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On July 28, 2011, about 04:11 Korean standard time, Asiana Airlines Flight 991, a B747 400F airplane on a scheduled cargo flight from Incheon, Republic of Korea, to Shanghai, China, crashed into international waters about 130 km west of Jeju International Airport. The flight crew reported a cargo fire to Shanghai Area Control Center and attempted to divert to Jeju International Airport. The two pilots aboard the flight died. The wreckage of the airplane was distributed on the sea floor at an average depth of 85 meters (m), in an area 3 km by 4 km in a southwest-northeast direction. The ARAIB determined that the cause of this accident was a fire that developed on or near two pallets containing dangerous goods packages, including hybrid-electric vehicle lithium ion batteries and flammable liquids, but no physical evidence of the cause of the fire was found. The fire rapidly grew large and uncontained, which resulted in a loss of control and some portions of the fuselage separating from the aircraft in midair, thereby resulting in the crash. The ARAIB report cited as a contributing factor the flammable materials and lithium-ion batteries that were loaded together either in the same or adjacent pallets.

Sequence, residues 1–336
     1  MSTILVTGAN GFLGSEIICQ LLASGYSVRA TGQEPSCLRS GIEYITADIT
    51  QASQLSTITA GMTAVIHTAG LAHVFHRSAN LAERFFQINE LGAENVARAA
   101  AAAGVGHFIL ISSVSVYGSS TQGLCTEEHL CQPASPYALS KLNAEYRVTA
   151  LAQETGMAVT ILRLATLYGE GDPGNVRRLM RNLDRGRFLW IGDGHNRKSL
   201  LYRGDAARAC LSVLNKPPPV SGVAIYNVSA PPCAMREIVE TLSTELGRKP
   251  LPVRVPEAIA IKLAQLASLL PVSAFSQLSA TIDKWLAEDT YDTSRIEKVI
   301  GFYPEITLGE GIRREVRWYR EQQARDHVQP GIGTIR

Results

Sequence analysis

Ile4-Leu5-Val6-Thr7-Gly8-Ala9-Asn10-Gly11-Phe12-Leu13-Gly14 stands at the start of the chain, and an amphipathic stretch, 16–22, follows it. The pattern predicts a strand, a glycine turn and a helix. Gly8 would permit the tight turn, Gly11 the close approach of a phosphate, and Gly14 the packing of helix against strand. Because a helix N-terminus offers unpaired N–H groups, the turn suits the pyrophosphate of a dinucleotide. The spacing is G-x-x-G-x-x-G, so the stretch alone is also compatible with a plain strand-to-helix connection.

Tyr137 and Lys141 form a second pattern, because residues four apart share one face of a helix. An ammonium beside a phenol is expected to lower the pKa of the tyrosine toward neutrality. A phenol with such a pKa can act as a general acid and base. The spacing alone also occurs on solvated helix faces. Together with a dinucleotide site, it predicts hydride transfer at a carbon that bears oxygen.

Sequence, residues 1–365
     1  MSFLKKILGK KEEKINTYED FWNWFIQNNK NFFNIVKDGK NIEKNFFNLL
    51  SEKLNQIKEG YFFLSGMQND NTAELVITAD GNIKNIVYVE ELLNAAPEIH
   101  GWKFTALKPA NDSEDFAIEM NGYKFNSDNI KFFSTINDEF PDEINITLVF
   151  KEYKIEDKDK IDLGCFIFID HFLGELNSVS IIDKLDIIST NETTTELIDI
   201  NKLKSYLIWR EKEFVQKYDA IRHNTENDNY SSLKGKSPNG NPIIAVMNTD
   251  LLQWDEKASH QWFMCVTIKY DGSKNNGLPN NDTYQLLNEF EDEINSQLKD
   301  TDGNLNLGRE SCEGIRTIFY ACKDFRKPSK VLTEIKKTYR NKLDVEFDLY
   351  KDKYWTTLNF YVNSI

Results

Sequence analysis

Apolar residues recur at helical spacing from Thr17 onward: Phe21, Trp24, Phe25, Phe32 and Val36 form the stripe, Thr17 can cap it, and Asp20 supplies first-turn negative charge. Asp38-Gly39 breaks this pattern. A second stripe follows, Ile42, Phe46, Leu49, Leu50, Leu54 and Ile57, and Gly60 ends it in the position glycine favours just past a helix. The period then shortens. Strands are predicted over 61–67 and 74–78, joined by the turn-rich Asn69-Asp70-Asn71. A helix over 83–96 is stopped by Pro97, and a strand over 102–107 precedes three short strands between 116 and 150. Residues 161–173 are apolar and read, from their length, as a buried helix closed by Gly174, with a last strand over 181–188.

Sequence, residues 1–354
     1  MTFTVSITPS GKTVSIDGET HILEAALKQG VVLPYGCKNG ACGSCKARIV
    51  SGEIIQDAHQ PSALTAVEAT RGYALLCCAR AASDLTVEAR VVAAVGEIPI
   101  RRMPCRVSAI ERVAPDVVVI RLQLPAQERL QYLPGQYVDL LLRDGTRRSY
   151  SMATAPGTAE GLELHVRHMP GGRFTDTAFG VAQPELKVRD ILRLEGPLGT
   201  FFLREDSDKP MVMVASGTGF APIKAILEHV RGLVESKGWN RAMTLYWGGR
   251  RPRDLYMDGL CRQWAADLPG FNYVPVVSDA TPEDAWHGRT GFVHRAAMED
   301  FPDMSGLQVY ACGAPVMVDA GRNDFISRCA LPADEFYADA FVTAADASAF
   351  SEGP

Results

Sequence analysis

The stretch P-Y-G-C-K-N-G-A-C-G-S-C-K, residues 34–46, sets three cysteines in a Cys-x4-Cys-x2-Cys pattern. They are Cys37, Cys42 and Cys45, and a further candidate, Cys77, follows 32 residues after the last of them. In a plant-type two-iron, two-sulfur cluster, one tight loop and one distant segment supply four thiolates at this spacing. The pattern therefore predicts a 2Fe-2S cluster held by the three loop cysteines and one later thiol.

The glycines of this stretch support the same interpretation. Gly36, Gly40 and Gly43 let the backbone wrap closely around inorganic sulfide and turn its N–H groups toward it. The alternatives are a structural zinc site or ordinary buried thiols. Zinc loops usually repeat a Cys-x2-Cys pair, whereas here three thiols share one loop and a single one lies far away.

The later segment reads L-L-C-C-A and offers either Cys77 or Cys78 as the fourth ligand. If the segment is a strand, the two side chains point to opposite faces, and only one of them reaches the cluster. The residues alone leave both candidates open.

TO THE PIPELINE AND HAZARDOUS MATERIALS SAFETY ADMINISTATION: Require that Class 3 flammable liquids and fully regulated Class 9 lithium batteries be physically segregated when stowed on board an aircraft such that packages containing these materials may not be placed on the same or adjacent pallets or ULDs.
Original recommendation transmittal letter:
Open - Acceptable Response
Jeju Island, Korea, Republic Of
Addressee(s) and Addressee Status:
PHMSA (Open - Acceptable Response)
Safety Recommendation History
We note that, during the International Civil Aviation Organization (ICAO) Dangerous Goods Panel (DGP) Working Group meeting held in Montreal in April 2017, the International Air Transport Association (IATA) submitted a working paper to establish segregation requirements for lithium batteries, flammable materials, and other hazardous materials. The DGP Working Group agreed to the proposal as drafted. The ICAO DGP will review this decision at its next scheduled meeting in October 2017, and will incorporate it into the 2019–2020 edition of the ICAO “Technical Instructions for the Safe Transport of Dangerous Goods by Air.” Pending the US delegation to the ICAO DGP fully supporting the IATA working paper, and revisions to PHMSA’s hazardous materials regulations to harmonize with the revision, Safety Recommendation A-16-1 remains classified OPEN--ACCEPTABLE RESPONSE.